Banyan Trees of Bangladesh

A unique temple dedicated to the Hindu god Shiva is located in the Akhaura Upazila of Chittagong Division’s Brahmanbaria District. Standing fifteen feet tall, the temple’s brick walls and roof can no longer be seen under the network of roots of a banyan tree (Ficus benghalensis). If it were not for the four entrances allowing access to the temple, one would not know that it was there at all. It is thought that the temple is around 150 years old, with the banyan tree possibly being up to 80 years old.

The seeds of banyan trees are dispersed by birds and germinate as epiphytes – plants that grow upon other plants, or buildings and other structures, taking their moisture and nutrients from the air and rain. A germinated banyan will send roots down towards the ground, often enclosing its host, as is the case with the temple in Akhaura. Sometimes, the host tree will die and rot, leaving a hollow where it once stood, and because of this parasitic-type habit, banyans are often referred to as ‘strangler figs’. Roots that have grown outwards and down to the earth often grow as thick as a tree trunk and can spread out over a huge area – even hectares.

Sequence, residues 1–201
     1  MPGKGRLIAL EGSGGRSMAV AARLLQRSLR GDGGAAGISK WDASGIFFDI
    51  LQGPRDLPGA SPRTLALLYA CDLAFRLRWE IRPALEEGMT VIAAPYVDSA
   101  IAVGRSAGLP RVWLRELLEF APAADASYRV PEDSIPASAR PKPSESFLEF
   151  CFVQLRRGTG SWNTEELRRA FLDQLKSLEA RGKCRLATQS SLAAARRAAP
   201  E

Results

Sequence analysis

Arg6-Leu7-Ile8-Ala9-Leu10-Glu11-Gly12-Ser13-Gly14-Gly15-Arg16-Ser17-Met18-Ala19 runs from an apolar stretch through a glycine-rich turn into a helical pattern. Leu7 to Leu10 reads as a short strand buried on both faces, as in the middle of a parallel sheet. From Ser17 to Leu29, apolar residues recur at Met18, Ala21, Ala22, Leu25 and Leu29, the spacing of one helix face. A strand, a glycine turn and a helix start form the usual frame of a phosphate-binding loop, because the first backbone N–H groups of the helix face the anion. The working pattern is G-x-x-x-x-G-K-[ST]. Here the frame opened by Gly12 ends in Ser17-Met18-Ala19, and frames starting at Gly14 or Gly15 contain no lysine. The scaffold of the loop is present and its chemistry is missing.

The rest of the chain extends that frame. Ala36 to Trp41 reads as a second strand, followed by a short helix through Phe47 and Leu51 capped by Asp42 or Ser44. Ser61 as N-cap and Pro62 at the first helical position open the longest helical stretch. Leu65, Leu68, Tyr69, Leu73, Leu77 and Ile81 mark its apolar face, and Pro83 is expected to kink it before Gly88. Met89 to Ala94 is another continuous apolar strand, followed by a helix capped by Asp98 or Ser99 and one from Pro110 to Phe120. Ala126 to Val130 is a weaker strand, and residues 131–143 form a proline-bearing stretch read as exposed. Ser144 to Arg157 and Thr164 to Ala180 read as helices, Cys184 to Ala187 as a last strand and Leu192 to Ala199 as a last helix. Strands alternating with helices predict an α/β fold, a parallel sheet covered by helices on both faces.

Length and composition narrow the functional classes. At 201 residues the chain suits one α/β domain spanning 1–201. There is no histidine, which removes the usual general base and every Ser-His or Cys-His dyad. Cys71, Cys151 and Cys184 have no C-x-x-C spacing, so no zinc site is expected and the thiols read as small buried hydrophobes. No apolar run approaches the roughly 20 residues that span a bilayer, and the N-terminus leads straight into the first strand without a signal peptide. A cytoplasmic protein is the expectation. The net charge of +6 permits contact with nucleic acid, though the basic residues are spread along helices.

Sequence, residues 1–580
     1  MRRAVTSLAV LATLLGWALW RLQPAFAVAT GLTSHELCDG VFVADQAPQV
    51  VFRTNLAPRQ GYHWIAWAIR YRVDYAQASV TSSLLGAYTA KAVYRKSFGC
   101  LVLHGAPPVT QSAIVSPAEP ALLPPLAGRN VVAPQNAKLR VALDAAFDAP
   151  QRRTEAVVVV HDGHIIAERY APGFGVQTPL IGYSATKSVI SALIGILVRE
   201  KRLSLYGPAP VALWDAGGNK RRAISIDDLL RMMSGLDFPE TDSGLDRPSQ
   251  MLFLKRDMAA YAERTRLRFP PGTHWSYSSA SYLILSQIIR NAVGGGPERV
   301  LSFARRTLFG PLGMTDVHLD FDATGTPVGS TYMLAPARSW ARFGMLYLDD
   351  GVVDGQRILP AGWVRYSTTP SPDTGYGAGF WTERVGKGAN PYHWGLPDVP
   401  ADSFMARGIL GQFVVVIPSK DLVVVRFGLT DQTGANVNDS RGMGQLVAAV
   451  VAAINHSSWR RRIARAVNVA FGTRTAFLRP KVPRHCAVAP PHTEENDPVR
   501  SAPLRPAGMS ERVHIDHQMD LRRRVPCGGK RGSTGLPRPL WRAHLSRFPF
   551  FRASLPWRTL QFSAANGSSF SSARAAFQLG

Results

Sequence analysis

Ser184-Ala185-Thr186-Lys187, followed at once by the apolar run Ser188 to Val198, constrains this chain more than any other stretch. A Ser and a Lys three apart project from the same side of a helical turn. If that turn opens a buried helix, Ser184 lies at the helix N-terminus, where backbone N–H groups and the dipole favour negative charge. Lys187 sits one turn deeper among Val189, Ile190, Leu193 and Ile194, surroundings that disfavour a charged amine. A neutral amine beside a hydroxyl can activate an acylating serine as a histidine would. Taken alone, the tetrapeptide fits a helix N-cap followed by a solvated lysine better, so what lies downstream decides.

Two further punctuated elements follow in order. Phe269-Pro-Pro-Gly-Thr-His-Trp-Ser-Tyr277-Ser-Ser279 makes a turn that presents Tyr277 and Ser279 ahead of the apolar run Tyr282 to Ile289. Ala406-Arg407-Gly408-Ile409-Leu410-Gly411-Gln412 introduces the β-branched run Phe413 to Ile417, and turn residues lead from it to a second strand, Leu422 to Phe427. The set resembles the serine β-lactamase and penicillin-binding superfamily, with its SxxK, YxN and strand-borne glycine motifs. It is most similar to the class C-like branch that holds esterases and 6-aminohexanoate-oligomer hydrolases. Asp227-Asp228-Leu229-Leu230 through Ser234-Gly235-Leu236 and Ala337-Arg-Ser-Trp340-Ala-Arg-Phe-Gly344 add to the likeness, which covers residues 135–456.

Banyan trees feature prominently in the religions and myths of Asia, with the leaf of the banyan tree seen by Hindus as the resting place for Krishna. In his incarnation as Dakshinamurthy, Shiva is often depicted as sitting under a banyan tree which, due to its ever expanding growth habit, symbolizes eternal life. In Buddhism the banyan’s habit of supplanting its host tree is likened to the manner in which humans are overcome by sensual desire.

Interestingly, the name ‘banyan’ came about when early Portuguese travelers to India noted that traders, or banias, set up shop in the shade of these enormous trees. Eventually the Gujarati word for ‘merchant’ became the name of the tree itself. When traveling in the fascinating country of Bangladesh, be sure to take note of the most unusual banyan tree.